Nude Celebrity Scandal, Cloud Service Security and You!

September 04, 2014

Following the slew of private celebrity photos leaked earlier this week, both end-users and organisations are understandably concerned. Invariably, user confidence in the security of online services, and the confidentiality of any data stored, has been shaken by such leaks.

This is especially worrying for organisations, as more and more enterprise services move onto remotely hosted cloud platforms, which are now home to the corporate crown jewels (emails, commercially sensitive information, intellectual property etc).

The same security issues that appear to have caused the recent iCloud breaches typically affect these cloud platforms. From a security perspective, using a cloud system is effectively outsourcing and therefore should be treated as diligently as any other outsourcing arrangement.

According to Apple , the recent celebrity photo compromise occurred due to a “very targeted attack on user names, passwords and security questions” – in other words, social engineering password resets.

Ultimately, this type of attack in some form or another affects all systems that are targeted at individual end-users and unfortunately there is no magical solution for this.

That said, there are some initiatives which organisations can put into place in order to reduce the likelihood of these attacks, both against internal cloud-based systems, as well as for users:

  • Design password requirements intelligently – Password security requirements are a complex beast. However, make password security requirements too complex and people will inevitably use the bare minimum to comply, such as “Password123!” and not an inch more.
  • Use Passphrases – Passphrases (obligatory xkcd: ) are strings of words, used in place of a password. These are easier to remember, because they typically make some form of logical sense to the user (e.g. “will I hate this system?”) whilst being long enough to reduce the chance of being trivially guessed.
  • Secure Password Reset – Designing password reset functionality can be a little tricky and often becomes a balancing act between usability and security. One of the most common security issues with password reset functionality is that it offers an unlimited number of attempts. Effectively, all this does is shift the risk of a brute-force password guessing attack from a user’s password to a user’s password reset information (which typically has a smaller search space – it’s easier to guess the city a user was born in than a 8-character-plus password).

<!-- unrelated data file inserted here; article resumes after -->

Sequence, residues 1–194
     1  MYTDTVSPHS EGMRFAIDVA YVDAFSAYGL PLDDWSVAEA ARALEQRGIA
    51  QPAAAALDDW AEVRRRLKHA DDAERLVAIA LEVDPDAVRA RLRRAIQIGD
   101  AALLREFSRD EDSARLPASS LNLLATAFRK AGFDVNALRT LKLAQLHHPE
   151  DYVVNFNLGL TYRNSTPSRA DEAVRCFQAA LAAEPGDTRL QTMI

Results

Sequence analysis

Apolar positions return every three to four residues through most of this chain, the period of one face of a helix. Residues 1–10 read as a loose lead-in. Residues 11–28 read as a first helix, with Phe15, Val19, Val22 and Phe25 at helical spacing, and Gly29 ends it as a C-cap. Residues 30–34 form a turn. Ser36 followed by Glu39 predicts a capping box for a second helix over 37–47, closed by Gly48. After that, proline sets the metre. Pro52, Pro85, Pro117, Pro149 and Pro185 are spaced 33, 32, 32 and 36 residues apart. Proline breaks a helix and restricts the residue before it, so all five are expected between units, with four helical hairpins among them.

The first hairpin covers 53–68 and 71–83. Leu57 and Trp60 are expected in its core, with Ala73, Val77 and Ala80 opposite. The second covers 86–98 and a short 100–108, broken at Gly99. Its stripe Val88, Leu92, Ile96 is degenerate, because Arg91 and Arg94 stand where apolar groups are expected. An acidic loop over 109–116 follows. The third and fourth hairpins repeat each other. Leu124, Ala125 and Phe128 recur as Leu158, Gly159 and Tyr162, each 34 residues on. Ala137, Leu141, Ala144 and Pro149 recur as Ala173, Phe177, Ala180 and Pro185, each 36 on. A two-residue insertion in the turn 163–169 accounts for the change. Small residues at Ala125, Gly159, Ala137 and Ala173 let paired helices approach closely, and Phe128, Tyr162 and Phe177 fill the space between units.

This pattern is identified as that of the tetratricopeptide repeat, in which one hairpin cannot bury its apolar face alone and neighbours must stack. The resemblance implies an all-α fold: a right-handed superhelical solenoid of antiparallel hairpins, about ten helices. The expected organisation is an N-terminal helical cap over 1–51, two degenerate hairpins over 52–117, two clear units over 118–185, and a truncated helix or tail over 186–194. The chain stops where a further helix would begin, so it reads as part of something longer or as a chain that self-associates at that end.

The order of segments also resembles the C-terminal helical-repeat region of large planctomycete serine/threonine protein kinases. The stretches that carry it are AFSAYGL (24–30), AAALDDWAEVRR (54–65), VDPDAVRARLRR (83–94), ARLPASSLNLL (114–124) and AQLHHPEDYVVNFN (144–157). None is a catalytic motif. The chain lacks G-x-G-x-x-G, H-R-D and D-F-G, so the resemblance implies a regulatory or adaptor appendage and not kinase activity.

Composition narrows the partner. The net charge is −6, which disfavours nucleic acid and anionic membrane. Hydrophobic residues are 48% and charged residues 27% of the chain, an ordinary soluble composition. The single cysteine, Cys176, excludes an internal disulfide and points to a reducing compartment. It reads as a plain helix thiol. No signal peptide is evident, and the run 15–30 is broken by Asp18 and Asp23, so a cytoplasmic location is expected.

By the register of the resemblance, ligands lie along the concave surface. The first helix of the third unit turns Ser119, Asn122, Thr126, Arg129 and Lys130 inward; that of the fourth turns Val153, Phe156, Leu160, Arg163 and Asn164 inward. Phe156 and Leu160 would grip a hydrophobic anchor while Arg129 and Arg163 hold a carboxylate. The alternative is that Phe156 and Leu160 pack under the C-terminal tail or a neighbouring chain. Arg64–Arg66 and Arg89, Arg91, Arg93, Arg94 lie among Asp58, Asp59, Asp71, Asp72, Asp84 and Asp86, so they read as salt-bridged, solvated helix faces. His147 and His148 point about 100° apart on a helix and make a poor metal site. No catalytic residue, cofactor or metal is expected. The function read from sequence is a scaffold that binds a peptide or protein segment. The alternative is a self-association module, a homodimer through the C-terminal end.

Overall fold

• Enforce Two-Factor – Two-factor authentication is where you need something else to log in, such as a physical token (check out Yubikey), or an SMS sent to your phone. Typically, this “second factor” will give you a one-time token, which is validated on the server side for each authentication. You can do this as a one-stage or two-stage process: that is, you can require the “second factor” after a valid username and password has been entered (like Gmail), or you can require the one-time token to be entered at the same time as your username/password (like some online banking apps).


Two-factor authentication with Gmail, also available in Google Authenticator form ( ).

  • Monitoring – With the case of recent iCloud breaches – if any accounts were compromised via password guessing, Apple should have been monitoring logs. With the proliferation of alerting and log monitoring tools, organisations should always keep an eye on their systems, which provide warnings of attacks.
  • End-users can help too – By providing notifications of failed authentication attempts (e.g. “there have been 2667 failed authentication attempts since your last login at 7pm on Tuesday”). They also provide an easy way for users to report account compromises (e.g. “Not you? Click here to contact Security”) and so users can help you in monitoring attacks against their own accounts.
  • Delegate authentication – Don’t get me wrong, delegated authentication (sometimes also referred to as “single sign-on”) is difficult to do correctly and can potentially present a lot of attack surface. However by reducing the number of passwords your users have to remember, you make it easier for your users to remember a single strong password, which can then be used to identify that user across a number of systems.
    According to anecdotal evidence, this can also prevent users from re-using passwords to an extent, as there is less incentive for users to use easily-derived (and thus, easily-guessed) passwords across a large number of systems, if they only have to remember one.

It should also be noted that user education also plays a big part in securing authentication. Security controls are useless, if your end-users aren’t using them properly. Adequate education can ensure that users:

  • Don’t re-use their passwords
  • Don’t make their passwords predictable (e.g. “My password is $systemname” for a passphrase)
  • Don’t put their passwords on a post-it note, stuck to their monitor
  • Know how to spot the signs of an attack or compromise (e.g. last login time, etc)
  • Know what to do when they feel their password has been compromised

As always, there is no magic bullet solution for security. That said, these suggested controls, in conjunction with strong application security controls, secure development practices and educating your users, can be used to contribute to the overall security of your applications, as well as your data and that of your users.

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